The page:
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Because silencing TRAP1 expression aggravated hypoxic damage of cardiomyocytes, we next investigated the effect of CsA on cell viability and cell death after TRAP1-siRNA infection under hypoxic conditions. After 6 h of hypoxia, treatment with CsA abolished cardiomyocyte damage induced both by hypoxia and silencing TRAP1 under hypoxic conditions (Fig. 6). On the basis of the results described above, we conclude that silencing TRAP1 expression induces MPTP opening in cardiomyocytes, resulting in cell injury. Furthermore, the up-regulation of TRAP1 expression may play a protective role in hypoxic cardiomyocytes by reducing MPTP opening.

Discussion

  1. Top of page
  2. Abstract
  3. Introduction
  4. Results
  5. Discussion
  6. Materials and methods
  7. Acknowledgements
  8. References

In the present study, we found that TRAP1 expression of cardiomyocytes increases after hypoxia and that TRAP1 overexpression protects cardiomyocytes from hypoxic damage. At the same time, silencing TRAP1 expression causes cell damage under normoxic and hypoxic conditions. Our data also indicate that TRAP1 plays a role in cardiomyocytes by regulating MPTP opening.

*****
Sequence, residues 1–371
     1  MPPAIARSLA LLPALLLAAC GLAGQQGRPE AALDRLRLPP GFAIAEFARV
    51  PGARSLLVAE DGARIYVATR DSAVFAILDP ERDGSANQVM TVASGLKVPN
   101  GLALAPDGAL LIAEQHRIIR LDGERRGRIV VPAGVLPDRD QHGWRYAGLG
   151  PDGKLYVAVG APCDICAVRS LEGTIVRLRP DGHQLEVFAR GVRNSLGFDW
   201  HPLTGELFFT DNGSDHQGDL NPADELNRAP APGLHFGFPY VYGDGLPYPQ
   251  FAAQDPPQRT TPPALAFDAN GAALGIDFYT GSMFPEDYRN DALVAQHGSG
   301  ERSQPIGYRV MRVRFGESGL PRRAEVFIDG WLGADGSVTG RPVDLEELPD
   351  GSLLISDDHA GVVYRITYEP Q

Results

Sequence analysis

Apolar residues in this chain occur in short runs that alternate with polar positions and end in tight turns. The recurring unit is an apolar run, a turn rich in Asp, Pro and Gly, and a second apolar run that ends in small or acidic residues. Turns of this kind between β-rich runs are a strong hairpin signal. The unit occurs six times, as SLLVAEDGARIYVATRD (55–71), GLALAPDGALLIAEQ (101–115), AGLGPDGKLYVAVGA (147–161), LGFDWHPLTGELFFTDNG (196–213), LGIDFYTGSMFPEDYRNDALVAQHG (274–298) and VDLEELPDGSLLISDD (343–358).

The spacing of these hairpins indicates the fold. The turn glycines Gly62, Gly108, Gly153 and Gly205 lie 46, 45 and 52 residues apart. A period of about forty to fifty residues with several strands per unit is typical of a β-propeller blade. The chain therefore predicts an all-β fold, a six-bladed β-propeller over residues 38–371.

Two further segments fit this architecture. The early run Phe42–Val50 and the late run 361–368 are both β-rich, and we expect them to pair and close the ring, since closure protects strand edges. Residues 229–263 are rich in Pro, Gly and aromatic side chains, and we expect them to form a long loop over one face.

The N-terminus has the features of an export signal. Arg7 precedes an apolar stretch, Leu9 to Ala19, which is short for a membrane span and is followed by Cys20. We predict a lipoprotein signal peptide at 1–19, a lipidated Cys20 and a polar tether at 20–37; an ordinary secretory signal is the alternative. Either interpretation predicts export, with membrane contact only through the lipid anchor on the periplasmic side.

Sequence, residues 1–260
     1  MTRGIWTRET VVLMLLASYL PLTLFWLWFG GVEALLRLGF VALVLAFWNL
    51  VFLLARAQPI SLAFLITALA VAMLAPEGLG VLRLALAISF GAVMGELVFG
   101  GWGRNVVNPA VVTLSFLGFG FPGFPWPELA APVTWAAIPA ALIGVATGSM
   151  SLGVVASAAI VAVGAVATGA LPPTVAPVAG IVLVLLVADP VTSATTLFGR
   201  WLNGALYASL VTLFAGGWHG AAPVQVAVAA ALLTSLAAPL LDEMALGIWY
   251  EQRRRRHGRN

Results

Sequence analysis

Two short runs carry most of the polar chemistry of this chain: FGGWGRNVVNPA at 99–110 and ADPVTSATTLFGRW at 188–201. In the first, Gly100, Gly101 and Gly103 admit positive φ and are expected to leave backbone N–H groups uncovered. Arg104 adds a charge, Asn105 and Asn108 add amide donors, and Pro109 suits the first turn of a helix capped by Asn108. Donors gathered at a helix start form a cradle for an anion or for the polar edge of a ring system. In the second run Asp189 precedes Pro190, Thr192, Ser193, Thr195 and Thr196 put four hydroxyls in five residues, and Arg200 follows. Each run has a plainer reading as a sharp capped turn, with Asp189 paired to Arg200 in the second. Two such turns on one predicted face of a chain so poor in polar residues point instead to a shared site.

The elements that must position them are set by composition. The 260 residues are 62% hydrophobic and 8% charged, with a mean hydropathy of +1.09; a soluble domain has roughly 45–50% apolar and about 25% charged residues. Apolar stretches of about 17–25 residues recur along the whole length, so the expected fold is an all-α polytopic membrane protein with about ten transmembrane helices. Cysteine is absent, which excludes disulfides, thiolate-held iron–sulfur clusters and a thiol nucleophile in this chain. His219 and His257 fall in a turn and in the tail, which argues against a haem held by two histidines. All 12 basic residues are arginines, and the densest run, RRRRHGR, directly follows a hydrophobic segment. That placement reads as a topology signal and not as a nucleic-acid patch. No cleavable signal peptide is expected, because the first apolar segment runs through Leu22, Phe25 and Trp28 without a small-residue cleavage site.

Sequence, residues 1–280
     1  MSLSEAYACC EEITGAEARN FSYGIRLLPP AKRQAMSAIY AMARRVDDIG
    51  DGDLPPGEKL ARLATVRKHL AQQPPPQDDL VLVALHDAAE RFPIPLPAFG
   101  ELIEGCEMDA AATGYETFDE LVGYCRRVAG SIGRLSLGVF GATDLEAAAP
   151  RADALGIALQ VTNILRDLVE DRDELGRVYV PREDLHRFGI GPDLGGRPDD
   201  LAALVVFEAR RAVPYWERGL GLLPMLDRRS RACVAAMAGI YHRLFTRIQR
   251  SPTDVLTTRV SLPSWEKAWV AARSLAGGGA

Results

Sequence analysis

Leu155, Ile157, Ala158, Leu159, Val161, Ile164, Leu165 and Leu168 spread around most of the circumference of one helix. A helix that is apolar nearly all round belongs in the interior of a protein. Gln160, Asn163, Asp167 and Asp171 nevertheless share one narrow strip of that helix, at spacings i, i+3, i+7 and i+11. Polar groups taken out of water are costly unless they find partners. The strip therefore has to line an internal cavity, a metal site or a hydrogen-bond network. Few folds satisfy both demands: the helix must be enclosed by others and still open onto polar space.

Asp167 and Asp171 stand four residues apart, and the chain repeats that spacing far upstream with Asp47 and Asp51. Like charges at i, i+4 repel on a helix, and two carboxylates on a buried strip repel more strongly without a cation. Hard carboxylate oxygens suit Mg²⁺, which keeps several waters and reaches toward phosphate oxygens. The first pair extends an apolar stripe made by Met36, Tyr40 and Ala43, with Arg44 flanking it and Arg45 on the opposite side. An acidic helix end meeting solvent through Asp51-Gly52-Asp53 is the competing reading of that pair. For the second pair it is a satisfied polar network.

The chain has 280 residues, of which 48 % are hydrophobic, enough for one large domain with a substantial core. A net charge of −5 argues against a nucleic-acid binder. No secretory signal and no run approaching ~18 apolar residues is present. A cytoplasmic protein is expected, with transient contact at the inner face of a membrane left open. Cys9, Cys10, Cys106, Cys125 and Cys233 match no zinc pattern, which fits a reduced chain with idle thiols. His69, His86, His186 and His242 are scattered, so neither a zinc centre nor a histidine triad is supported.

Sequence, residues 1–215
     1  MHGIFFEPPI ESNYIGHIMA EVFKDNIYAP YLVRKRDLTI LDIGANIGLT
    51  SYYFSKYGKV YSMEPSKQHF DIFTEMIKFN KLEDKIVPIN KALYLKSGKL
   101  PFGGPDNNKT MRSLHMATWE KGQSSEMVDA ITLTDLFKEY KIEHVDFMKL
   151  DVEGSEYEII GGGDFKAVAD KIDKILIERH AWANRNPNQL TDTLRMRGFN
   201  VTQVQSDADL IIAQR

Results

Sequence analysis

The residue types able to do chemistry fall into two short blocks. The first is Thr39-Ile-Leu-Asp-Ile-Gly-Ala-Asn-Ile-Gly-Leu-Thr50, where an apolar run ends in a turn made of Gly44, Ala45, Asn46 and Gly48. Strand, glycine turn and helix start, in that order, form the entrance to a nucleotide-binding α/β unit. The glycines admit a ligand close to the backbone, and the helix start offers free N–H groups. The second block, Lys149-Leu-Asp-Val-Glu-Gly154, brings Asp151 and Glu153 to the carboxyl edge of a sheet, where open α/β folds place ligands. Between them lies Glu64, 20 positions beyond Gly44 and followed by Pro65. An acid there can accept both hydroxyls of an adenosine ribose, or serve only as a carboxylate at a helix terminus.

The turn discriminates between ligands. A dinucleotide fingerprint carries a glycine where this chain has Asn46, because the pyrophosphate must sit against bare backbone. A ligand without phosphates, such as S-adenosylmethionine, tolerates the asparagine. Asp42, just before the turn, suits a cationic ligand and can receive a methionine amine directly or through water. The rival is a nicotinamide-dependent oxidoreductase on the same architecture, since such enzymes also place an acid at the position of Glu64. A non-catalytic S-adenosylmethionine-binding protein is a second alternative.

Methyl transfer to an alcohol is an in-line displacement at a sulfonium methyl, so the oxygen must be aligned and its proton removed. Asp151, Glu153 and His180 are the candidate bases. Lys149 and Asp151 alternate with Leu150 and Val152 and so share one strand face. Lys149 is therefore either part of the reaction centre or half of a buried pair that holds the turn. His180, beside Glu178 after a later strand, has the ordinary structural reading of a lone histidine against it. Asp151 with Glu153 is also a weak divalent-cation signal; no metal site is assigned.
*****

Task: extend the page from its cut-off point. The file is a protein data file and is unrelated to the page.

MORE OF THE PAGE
TRAP1 was initially identified by the yeast two-hybrid system as a novel protein that interacted with the intercellular domain of the type 1 tumour necrosis factor receptor [17]. On the basis of the sequence of the homologue, TRAP1 was identified as a member of the HSP90 family. The ATPase activity of TRAP1 is inhibited by geldanamycin, which is a specific inhibitor of HSP90. Despite its ATP-binding activity, TRAP1 does not form a stable complex with the co-chaperones of HSP90, such as Hop and p23 [18]. Studies have shown that TRAP1 does not have a C-terminal EEVD sequence, which exists in HSP90 and is important for HSP90-Hop binding [19]. Thus, it appears that TRAP1 has specific functions that are different from those of other well-characterized HSP90 homologues. TRAP1 is up-regulated by glucose deprivation, oxidative stress and ultraviolet A irradiation, but cannot be induced by heat [16,20,21]. Furthermore, deferoxamine, an iron chelator, decreases TRAP1 levels in a dose- and time-dependent manner and induces mitochondrial dysfunction in human hepatocytes [22]. However, the changes induced in TRAP1 expression in cardiomyocytes after hypoxia treatment are still unclear. In the present study, we demonstrated that hypoxia treatment (for 1, 3, 6 and 12 h, respectively) induces a time-dependent increase in the levels of TRAP1 protein.